It's springtime! As trees around the UK burst into flower, the National Trust's #BlossomWatch campaign is about to begin again.


What is #BlossomWatch?

The National Trust launched #BlossomWatch in 2020 during the pandemic in a bid to recreate Japan's Hanami tradition, where thousands flock to see its cherry trees (Sakura) bloom and welcome in the spring. The conservation charity is aiming to build #BlossomWatch each year for it to become a new British tradition. Three years later, it looks as though it was successful.

Spring blossom can be found in hedgerows, orchards, parks and fields across the UK during March and April. Fruit trees such as apples, plums, pears, sloes and damsons will bear dainty white flowers tinged with pink, followed by the famous rosé pink petals of the cherry tree. Closing the season with its creamy white flower is hawthorn, or May-Tree.

The initiative is part of the charity’s Everyone Needs Nature campaign, encouraging people to become more connected with nature. This follows the charity’s Noticing Nature report, which revealed that those who engage with nature are more likely to try to protect it.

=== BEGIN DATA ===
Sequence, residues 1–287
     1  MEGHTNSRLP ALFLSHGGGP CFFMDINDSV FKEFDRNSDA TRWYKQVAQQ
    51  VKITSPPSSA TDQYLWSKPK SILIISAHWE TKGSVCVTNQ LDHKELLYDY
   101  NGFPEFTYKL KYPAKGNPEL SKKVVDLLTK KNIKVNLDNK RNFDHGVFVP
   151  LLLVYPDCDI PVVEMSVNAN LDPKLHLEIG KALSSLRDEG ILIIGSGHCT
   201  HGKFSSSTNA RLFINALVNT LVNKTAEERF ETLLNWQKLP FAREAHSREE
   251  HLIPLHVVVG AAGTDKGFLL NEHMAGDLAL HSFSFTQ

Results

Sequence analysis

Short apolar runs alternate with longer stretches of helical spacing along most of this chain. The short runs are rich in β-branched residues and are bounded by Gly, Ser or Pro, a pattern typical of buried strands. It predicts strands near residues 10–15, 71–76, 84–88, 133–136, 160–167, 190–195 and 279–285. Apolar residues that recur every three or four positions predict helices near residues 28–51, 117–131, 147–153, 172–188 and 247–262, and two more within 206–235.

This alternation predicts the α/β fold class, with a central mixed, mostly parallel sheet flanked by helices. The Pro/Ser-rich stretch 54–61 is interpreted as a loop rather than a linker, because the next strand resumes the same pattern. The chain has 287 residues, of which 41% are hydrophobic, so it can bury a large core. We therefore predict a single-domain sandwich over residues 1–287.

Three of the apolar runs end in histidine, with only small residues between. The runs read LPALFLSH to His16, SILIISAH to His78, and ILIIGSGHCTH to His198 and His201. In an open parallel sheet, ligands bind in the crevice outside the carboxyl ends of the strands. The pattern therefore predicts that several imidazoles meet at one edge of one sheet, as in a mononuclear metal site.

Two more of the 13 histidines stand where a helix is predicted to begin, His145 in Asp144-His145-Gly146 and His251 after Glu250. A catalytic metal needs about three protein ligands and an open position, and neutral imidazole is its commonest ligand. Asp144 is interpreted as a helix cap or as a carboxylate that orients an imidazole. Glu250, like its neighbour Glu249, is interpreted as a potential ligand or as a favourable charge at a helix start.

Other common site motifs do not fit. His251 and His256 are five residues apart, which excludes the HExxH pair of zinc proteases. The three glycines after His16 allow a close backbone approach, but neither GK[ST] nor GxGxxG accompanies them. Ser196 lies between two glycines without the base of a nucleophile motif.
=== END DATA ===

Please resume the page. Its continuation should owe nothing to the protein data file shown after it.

According to the report, just 6% of adults, and 7% of children, celebrate natural events such as the first day of spring, solstice or harvest.

To remedy this, the charity wants institutions and schools to encourage people to engage with annual moments in nature. #BlossomWatch is one way to do this, celebrating this underrated but breathtaking time of year, which is set to last for around 3 months across the country.


It doesn’t take much to participate — simply taking a moment to pause and actively notice and enjoy the blossom’s fleeting beauty is enough. If you want to join the campaign, simply take a snap on your phone and post it to social media with the hashtag #BlossomWatch, tagging your location.

Tree in blossom


Tanya Jackson in red checked shirt and rucksack standing by a wall with a big smile
Tanya JacksonDigital editor

Tanya Jackson is a digital editor and writer for She lives in Wiltshire and loves campfire cooking, swimming in the sea, rural folklore, barn owls and walking her Welsh collie in the misty hills. Tanya also has a passion for English food and drink – although nothing tastes as good as tomato soup out of a thermos on a crisp woodland walk.